Editor's Note: Robert E. Kelly is a Senior Analyst at Wikistrat and an Assistant Professor in the Department of Political Science and Diplomacy at Pusan National University, South Korea. A longer version of this essay may be found at his website, Asian Security Blog.
By Robert E. Kelly - Special to CNN
For all the talk about how the US might ‘pivot’ to Asia, there is little Western discussion of how China might respond to its semi-encirclement. Here are five possibilities:
1. China might pull South Korea into its orbit
China’s regional problem is that no one really trusts it. Its allies are weak – North Korea and Myanmar. The best way to head-off encirclement is to break the ring with some decent allies. Nasty, dependent dictatorships are not enough. South Korea is a central link in any semi-containment ring around China, but one where China has a lot of leverage. FULL POST
Editor's Note: Priya Parker, an expert-in-residence at the Harvard Innovation Lab, is the founder of Thrive Labs, a visioning and strategy advisory firm based in Brooklyn, New York. You can follow Priya on Twitter @priyaparker.
By Priya Parker - Special to CNN
In the last few weeks alone, we’ve heard this rising generation called everything from the Go-Nowhere Generation and the MacGyver and DIY Generation to Generation Stuck and Generation Flux. In recent years, the generation most commonly known as the Millennials has also been described as Generation Me, Generation We, the Trophy Kids, the Boomerang Generation and the Dumbest Generation. (Ouch).
If one theme runs through these different pieces, it’s that people really like to name this generation. (I am guilty of injecting my own label into the mix last week, when I wrote a piece on the Global Public Square casting my cohort as Generation FOMO. We are held together, I argued, by a shared tendency to make decisions based on the fear of missing out on something around the corner.)
As part of my job, I work with talented Millennials on building alternative future strategies. They often come to me feeling burned out and unsure how to make their mark in the world. We work together to think strategically and soulfully - yes, you can do both! - about the kind of future they wish to build.
In this work, I’ve found that, whatever you call them, many Millennials are inhibited by anxieties peculiar to our time. I’ve already spoken of the FOMO problem. In this post, I want to share some of the other blockages that Millennials tell me afflict them. Next week, I will share techniques that I’ve found helpful in overcoming FOMO and these other inhibitors of building, creating and doing. FULL POST
Editor's Note: Be sure to tune in to GPS this Sunday at 10am and 1pm ET. Also, don't miss my special episode of GPS, "Global Lessons – The GPS Road Map for Saving Heath Care", which airs Sunday night at 8pm and 11pm ET/PT. The special will run again Saturday, March 24th, at 8pm and 11pm ET/PT.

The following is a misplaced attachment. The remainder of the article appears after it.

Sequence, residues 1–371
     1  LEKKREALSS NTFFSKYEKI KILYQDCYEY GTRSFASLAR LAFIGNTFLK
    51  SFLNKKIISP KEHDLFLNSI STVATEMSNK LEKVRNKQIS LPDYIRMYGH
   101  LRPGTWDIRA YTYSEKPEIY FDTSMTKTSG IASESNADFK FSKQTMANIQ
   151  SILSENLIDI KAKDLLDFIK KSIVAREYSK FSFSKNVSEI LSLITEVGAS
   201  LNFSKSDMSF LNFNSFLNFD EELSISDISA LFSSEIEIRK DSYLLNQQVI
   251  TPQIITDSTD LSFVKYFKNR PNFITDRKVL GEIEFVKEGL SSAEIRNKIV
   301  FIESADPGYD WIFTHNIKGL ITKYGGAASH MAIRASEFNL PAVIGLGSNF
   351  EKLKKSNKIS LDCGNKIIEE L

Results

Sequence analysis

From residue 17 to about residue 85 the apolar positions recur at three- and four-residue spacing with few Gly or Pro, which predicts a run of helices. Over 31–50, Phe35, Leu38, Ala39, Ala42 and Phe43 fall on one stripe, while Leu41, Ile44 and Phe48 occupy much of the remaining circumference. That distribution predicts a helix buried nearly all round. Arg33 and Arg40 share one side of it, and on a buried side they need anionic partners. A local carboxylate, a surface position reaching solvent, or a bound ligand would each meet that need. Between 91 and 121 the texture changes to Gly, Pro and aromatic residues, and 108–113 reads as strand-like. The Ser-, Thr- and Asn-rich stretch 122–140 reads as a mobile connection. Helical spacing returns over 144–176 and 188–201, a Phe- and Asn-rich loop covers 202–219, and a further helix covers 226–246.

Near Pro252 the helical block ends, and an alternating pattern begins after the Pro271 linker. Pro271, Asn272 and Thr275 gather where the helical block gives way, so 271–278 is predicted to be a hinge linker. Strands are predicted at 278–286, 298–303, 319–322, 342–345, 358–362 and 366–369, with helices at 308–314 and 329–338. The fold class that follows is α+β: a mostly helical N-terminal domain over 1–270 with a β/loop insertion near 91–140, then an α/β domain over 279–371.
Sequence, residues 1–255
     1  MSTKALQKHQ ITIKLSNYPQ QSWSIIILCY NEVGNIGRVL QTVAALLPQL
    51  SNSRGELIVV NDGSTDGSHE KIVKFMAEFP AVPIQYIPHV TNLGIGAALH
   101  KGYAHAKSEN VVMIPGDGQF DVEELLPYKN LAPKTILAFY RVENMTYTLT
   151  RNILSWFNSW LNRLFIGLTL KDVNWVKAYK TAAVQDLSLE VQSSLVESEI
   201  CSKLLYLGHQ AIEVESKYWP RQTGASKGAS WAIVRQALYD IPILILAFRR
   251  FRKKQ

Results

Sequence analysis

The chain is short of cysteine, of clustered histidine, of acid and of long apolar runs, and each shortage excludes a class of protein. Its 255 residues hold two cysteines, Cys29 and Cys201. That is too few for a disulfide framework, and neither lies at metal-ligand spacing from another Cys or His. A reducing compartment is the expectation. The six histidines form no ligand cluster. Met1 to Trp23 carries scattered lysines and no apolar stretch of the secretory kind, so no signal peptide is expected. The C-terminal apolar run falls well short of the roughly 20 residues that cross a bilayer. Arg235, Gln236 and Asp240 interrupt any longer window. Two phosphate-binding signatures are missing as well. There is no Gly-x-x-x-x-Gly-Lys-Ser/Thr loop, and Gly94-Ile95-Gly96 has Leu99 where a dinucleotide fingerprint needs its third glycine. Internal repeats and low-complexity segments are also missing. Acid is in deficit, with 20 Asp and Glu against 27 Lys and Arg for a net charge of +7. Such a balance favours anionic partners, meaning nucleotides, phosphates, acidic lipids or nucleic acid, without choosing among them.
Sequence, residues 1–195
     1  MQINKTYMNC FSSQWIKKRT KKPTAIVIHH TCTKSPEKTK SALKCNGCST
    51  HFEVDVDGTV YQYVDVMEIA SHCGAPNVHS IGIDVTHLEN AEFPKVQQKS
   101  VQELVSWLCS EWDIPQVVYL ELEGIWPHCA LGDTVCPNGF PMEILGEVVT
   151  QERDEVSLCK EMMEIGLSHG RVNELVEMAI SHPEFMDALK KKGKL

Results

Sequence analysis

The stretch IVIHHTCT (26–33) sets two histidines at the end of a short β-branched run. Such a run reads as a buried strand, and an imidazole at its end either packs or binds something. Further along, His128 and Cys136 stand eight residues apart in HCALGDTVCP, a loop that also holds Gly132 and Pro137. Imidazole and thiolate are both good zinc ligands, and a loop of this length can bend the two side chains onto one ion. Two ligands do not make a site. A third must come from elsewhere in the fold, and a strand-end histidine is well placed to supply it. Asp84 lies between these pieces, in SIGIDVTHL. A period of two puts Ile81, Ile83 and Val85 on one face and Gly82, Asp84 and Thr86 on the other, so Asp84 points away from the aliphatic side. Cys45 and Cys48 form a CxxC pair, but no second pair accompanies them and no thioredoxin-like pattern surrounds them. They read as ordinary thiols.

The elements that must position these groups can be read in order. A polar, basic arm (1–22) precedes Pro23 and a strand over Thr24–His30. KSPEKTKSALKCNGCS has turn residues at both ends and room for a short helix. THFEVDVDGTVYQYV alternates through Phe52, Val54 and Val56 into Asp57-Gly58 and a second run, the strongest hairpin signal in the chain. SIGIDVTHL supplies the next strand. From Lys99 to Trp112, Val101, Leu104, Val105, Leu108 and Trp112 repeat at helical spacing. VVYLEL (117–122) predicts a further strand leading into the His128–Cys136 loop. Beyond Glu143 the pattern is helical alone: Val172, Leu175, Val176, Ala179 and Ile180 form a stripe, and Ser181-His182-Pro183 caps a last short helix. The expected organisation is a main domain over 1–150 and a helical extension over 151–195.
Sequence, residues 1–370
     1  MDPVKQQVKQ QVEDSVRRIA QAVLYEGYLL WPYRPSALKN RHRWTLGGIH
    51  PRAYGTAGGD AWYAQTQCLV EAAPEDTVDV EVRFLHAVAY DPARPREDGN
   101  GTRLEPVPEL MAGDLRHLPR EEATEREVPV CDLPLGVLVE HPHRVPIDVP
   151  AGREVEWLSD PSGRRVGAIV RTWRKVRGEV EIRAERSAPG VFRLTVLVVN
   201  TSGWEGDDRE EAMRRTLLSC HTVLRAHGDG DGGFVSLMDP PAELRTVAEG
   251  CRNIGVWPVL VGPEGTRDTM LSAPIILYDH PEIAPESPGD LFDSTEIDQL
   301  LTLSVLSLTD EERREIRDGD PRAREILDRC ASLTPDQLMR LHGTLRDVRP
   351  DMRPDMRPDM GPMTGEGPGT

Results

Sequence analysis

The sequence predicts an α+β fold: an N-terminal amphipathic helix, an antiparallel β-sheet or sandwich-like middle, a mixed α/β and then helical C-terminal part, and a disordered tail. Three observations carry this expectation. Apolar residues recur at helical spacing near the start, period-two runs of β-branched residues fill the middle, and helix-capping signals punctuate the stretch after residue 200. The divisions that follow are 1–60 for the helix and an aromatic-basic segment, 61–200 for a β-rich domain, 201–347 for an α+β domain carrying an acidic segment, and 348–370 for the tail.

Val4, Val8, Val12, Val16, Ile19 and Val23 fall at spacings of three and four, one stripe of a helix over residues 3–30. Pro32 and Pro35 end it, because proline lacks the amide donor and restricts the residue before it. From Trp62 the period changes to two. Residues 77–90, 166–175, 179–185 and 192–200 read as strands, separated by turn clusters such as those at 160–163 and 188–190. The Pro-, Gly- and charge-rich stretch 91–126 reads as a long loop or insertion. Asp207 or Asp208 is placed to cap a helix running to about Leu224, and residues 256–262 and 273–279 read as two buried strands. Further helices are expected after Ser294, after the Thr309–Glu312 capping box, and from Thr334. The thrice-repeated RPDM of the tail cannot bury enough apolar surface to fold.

By Fareed Zakaria, CNN
When I was in college, in the early 1980s, I invited Ronald Reagan’s defense secretary, Caspar Weinberger, to give a speech on campus. At the time, U.S. colleges were hotbeds of opposition to the Reagan administration, especially to its defense policies. Sure enough, as Weinberger began to speak, a series of students stood up and began to heckle. One after another, they rose and chanted a single line, “Deterrence is a lie!”
I am reminded of that turbulent meeting as I listen to the debates over Iran’s nuclear ambitions because it highlights a strange role reversal in today’s foreign policy discourse. It used to be the left that refused to accept the idea of deterrence - searching instead for options such as a nuclear freeze. And it used to be those on the right who would patiently explain the practical virtues of deterrence.
The conservative thinker Charles Krauthammer wrote in the New Republic in 1984. "Deterrence, like old age, is intolerable, until one considers the alternative." FULL POST
Editor's Note: The following is an excerpt from an op-ed in The Washington Post.
By Fareed Zakaria
In 1989, Margaret Thatcher said in a toast to Mikhail Gorbachev, “Both our countries know from bitter experience that conventional weapons do not deter war in Europe, whereas nuclear weapons have done so for over 40 years. As a deterrent there is no substitute for them.”
If deterrence doesn’t work, then why are we not preparing preventive war against Russia, which still has a fearsome arsenal of intercontinental ballistic missiles? Or against Pakistan, home to a military-intelligence regime that has been implicated in more major acts of terrorism in the past 10 years than Iran has in the past hundred? The argument that Iran would be deterred does not rest on its reasonableness but on the regime’s desire to survive. “Rulers want to have a country that they can continue to rule,” says Kenneth Waltz, one of the most distinguished theorists of international relations. FULL POST
Editor's Note: Michael O’Hanlon is coauthor with Martin Indyk and Kenneth Lieberthal of the new book, Bending History: Barack Obama’s Foreign Policy. You can read more from him on the Global Public Square.
By Michael O'Hanlon – Special to CNN